This is an important question with an equally important answer.
There are a large number of reasons that many people in our community go without shelter and very few of them have to do with criminal record or drug use. Here is a partial list of reasons people in our community go without shelter.
People are barred from local shelters for:
- Having disabilities or medical conditions that are too difficult for the shelters to manage
- Having mental health challenges that are too complicated for staff/volunteers to navigate
- Not being able to find a job within two weeks
- Not having an income to be able to participate in the mandatory savings program of 85% of client income
- Being gay or transgendered
- Not being sober
- Missing one mandatory case manager appointment
- Missing one night at the shelter
- Needing to stay for longer than 3 months due to not finding housing, among others
- Couples (married or otherwise) are separated and not allowed to stay together.
- People with service/companion animals are required to show proof which is not in line with the Americans with Disabilities Act regulations.
- People do not have an ID card because it was lost, stolen or damaged in the elements.
- Shelters in town have black mold.
- People with dietary restrictions are not provided alternative options for food.
- There are very few female shelter employees in the adult shelters.
- Lack of cultural competency among staff, management and volunteers regarding race, sexual orientation and gender identity, among others.
Please click on the button below to see the recommended best practices for emergency shelter programs as defined by the 100K Homes Campaign. The 100K Homes Campaign is nationally recognized as a leader on drastically reducing homelessness (in some cases up to 85%) in cities and towns all across the country.
Here's a sample of what they have to say about recommended client eligibility requirements for
emergency shelter programs...
The Campaign recommends the following common eligibility and continued stay criteria for emergency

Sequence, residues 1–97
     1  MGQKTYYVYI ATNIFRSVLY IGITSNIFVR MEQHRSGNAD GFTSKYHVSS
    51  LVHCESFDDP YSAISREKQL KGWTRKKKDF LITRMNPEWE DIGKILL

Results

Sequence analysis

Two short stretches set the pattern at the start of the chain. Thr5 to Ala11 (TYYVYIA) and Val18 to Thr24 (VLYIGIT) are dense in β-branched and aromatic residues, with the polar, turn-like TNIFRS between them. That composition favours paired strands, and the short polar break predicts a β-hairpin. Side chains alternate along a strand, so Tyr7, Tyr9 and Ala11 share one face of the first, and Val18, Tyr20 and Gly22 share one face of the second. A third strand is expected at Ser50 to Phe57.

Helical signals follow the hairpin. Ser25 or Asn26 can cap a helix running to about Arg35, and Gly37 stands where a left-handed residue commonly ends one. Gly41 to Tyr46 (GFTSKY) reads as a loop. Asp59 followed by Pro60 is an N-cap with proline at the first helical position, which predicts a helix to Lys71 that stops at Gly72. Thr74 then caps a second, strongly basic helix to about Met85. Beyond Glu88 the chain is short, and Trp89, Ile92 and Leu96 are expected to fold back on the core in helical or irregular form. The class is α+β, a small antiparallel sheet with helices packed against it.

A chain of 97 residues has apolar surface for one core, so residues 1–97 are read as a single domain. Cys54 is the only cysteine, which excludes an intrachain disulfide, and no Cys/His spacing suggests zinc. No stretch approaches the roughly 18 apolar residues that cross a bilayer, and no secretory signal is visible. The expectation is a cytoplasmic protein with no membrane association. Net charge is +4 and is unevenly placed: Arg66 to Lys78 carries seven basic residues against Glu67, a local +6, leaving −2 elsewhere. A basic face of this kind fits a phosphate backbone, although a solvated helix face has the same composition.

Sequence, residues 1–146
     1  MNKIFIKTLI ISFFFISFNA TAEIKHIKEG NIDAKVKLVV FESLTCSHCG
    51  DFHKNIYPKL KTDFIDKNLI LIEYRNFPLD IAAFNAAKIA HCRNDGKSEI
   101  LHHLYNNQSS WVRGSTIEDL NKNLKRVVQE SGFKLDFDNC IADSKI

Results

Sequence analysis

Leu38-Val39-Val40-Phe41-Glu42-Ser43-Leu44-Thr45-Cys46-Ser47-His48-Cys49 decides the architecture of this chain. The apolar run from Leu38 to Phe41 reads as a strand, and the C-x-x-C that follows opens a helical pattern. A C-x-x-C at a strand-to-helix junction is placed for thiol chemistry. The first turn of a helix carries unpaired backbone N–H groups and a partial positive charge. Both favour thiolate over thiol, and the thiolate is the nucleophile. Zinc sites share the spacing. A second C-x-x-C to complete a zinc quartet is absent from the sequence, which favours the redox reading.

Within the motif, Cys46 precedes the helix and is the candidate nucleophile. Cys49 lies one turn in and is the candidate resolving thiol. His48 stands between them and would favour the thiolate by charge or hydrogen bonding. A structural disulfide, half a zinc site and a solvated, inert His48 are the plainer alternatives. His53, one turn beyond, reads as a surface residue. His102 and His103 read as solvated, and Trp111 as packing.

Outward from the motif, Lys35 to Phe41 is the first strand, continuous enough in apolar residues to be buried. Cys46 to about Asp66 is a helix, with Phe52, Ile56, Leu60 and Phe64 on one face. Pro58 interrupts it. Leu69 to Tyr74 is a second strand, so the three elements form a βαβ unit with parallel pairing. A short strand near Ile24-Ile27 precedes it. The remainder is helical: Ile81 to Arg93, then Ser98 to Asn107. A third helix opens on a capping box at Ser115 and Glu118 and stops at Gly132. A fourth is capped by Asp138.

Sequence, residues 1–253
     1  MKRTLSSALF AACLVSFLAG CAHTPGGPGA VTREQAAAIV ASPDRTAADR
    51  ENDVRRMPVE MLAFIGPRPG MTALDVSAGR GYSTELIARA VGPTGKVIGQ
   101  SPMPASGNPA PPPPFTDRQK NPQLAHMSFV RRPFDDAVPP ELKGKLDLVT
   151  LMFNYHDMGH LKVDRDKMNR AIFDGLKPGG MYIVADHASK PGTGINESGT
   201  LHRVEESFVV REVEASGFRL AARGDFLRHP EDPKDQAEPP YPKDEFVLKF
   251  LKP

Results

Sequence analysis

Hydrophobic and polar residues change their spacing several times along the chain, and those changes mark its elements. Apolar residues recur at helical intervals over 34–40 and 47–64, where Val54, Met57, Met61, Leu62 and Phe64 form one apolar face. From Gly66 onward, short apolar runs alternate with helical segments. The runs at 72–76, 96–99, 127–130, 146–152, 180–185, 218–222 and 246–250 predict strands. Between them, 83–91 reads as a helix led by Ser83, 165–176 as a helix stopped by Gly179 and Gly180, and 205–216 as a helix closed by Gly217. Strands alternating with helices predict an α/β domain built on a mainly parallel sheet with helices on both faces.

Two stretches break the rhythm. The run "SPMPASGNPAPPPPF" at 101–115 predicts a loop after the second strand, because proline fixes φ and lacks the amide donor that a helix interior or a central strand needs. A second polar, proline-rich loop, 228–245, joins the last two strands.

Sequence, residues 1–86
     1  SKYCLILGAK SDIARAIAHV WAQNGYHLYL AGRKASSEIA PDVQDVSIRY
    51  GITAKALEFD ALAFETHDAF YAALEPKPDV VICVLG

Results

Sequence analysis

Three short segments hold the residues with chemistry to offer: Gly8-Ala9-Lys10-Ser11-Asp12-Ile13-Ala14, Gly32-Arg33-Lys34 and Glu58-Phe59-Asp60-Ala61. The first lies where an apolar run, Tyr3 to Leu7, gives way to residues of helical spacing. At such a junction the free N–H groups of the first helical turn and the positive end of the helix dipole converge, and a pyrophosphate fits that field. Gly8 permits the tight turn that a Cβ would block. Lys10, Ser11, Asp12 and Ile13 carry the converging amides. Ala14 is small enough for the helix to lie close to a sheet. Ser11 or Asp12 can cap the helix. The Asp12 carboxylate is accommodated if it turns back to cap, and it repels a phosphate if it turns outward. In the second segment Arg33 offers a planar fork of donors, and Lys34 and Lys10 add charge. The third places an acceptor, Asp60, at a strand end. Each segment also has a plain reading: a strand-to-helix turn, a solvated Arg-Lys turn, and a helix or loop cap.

shelter for Single Adults:
- Homeless (HUD Definition)
- Age 18 or older
- Ambulatory and not requiring hospital or nursing home care
- Agree to be nonviolent
- Agree to not use or sell drugs or illegal substances on the premises
- Agree to treat other clients, staff and the property with respect
- Agree to obey fire and other safety regulations
Perhaps just as important are criteria that the campaign recommends that providers NOT include when
- Sobriety and/or commitment to be drug free
- Requirements to take medication if the client has a mental illness
- Participation in religious services or activities
- Participation in drug treatment services (including NA/AA)
- Proof of citizenship
- Referral from the police, hospital or other service provider (as opposed to self-referrals)
- Payment or ability to pay (though saving plans are encouraged)
In addition, the 100K Homes Campaign recommends that emergency shelter attempt to reserve each person’s bed each night for as long as they continue to meet the eligibility criteria for the program. This allows both for a more stable program and for clients and staff to work toward permanent housing placement.
Thanks so much to those that have supported us along the way. We could not have come this far without you. Thanks also to those who have had doubts, questions and concerns. Your voice in this discussion is so important and we cannot progress as a community without opposing dialogue.